McCabe Says Justice Officials Discussed Recruiting Cabinet Members to Push Trump Out of Office – The New York Times
“There were meetings at the Justice Department at which it was discussed whether the vice president and a majority of the cabinet could be brought together to remove the president of the United States under the 25th Amendment,” Mr. Pelley said. “These were the eight days from Comey’s firing to the point that Robert Mueller was appointed special counsel. And the highest levels of American law enforcement were trying to figure out what do with the president.”
Former law enforcement officials said the comments were made during a pair of meetings on May 16, 2017. Mr. McCabe and his former colleagues kept contemporaneous memos on their interactions with Mr. Trump and Justice Department officials.
According to one of those memos written by Mr. McCabe, an excerpt from which was provided to The New York Times, the former F.B.I. agent wrote that “we discussed the president’s capacity and the possibility he could be removed from office under the 25th Amendment” and the deputy attorney general indicated he looked into the issue and determined he would need a “majority or 8 of the 15 cabinet officials.” Mr. McCabe added that Mr. Rosenstein suggested that he might have supporters in the attorney general and secretary of Homeland Security.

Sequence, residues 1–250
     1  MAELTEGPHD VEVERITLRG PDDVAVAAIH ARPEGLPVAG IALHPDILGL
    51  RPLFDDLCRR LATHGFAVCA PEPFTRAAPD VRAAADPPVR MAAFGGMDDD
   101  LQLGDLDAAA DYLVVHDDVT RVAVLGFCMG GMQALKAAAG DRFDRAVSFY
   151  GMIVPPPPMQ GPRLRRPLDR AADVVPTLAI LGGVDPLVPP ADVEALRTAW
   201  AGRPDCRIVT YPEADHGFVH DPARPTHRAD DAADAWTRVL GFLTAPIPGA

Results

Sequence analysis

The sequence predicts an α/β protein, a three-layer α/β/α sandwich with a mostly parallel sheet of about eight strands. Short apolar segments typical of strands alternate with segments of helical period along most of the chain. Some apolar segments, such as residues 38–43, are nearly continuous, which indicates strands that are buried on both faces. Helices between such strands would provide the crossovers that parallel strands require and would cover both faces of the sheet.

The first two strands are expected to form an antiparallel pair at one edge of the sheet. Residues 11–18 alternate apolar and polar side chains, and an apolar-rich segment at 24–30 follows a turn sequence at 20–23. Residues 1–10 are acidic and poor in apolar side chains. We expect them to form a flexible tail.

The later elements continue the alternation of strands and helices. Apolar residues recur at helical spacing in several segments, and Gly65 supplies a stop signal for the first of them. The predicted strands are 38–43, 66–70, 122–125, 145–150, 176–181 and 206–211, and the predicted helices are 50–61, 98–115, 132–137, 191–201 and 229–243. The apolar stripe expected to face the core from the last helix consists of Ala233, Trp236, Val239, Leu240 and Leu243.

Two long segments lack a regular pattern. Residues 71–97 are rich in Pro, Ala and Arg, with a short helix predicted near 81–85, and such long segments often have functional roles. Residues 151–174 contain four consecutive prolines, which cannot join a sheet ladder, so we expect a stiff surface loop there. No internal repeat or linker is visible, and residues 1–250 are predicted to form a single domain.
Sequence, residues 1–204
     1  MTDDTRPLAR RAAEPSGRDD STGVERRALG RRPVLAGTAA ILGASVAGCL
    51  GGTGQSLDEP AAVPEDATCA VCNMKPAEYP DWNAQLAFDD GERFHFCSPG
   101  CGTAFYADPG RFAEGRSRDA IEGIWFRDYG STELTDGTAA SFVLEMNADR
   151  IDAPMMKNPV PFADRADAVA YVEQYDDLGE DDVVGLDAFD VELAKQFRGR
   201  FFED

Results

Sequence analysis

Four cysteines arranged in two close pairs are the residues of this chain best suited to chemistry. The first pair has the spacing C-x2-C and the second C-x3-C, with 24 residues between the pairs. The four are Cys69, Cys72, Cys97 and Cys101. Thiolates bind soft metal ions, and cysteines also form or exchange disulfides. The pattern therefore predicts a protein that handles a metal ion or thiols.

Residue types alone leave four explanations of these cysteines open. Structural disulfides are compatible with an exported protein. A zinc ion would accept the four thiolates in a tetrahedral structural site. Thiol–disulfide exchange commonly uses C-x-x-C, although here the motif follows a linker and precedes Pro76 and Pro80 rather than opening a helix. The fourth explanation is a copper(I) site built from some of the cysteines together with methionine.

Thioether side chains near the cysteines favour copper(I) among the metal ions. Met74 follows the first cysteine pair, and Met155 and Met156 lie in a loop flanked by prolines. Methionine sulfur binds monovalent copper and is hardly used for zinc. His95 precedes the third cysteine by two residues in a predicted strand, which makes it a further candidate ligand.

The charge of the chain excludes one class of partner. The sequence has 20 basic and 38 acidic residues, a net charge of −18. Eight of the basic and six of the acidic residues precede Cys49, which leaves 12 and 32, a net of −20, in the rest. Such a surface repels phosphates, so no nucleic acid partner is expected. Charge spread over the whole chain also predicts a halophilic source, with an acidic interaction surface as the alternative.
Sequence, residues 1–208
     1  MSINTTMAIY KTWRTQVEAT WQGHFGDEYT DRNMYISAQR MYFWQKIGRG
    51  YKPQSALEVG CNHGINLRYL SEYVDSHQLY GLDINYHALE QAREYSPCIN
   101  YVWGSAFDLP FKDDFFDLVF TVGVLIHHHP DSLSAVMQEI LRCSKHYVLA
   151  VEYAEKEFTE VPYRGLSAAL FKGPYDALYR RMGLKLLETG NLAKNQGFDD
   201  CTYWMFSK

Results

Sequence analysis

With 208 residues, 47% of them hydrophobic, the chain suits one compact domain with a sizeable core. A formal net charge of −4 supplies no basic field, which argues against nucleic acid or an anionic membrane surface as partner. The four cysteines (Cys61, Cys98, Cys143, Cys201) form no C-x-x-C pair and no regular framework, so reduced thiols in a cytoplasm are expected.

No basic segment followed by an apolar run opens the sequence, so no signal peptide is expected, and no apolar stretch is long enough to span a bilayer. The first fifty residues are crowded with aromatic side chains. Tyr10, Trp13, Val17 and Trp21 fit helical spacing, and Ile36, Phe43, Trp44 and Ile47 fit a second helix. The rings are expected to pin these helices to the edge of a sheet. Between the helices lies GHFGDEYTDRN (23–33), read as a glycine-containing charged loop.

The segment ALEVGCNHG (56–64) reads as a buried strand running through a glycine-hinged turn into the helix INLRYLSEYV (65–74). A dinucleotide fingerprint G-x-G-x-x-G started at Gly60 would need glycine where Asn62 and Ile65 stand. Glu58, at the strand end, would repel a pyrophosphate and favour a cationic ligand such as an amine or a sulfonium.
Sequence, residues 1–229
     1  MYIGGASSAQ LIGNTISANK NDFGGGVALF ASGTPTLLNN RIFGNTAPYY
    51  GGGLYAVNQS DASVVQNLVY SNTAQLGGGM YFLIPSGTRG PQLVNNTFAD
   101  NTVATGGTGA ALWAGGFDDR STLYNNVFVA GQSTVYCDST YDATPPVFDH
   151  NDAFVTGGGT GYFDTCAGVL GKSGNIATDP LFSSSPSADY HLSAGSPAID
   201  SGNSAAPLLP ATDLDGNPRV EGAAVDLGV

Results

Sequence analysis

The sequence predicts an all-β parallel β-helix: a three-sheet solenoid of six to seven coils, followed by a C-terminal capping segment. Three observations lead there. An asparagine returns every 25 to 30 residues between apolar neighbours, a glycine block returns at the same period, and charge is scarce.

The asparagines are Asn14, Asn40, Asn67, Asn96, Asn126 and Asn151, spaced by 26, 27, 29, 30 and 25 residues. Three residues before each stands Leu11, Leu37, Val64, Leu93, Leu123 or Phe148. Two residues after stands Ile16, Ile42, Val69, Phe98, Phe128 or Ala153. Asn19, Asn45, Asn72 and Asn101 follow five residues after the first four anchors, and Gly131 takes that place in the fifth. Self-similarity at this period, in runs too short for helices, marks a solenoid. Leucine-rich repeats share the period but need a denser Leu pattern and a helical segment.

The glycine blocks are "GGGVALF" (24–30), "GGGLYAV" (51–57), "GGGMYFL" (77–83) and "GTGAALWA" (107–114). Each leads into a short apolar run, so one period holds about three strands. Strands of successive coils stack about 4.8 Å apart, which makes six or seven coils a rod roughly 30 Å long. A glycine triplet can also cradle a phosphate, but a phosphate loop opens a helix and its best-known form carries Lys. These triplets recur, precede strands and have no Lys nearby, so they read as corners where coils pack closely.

Mr. Rosenstein had disputed the account about the wire and the 25th Amendment.
A former Justice Department official who was present at the time when Mr. Rosenstein proposed wearing a wire said the deputy attorney general had made the remark sarcastically. The Justice Department provided an anonymous comment from the official. But Mr. McCabe said the idea came up repeatedly and was taken seriously, Mr. Pelley said.
Mr. McCabe is the first person involved in these meetings who has spoken publicly about them.
Mr. Pelley said, “They were counting noses. They were not asking cabinet members whether they would vote for or against removing the president, but they were speculating ‘This person would be with us, this person would not be,’ and they were counting noses in that effort.”
“This was not perceived to be a joke,” Mr. Pelley added.
In a statement released on Thursday morning in the wake of the interview with Mr. Pelley, a Justice Department spokeswoman said: “The deputy attorney general again rejects Mr. McCabe’s recitation of events as inaccurate and factually incorrect.”
The spokeswoman added that as Mr. Rosenstein “has stated, based on his personal dealings with the president, there is no basis to invoke the 25th Amendment, nor was the deputy attorney general in a position to consider invoking the 25th Amendment.”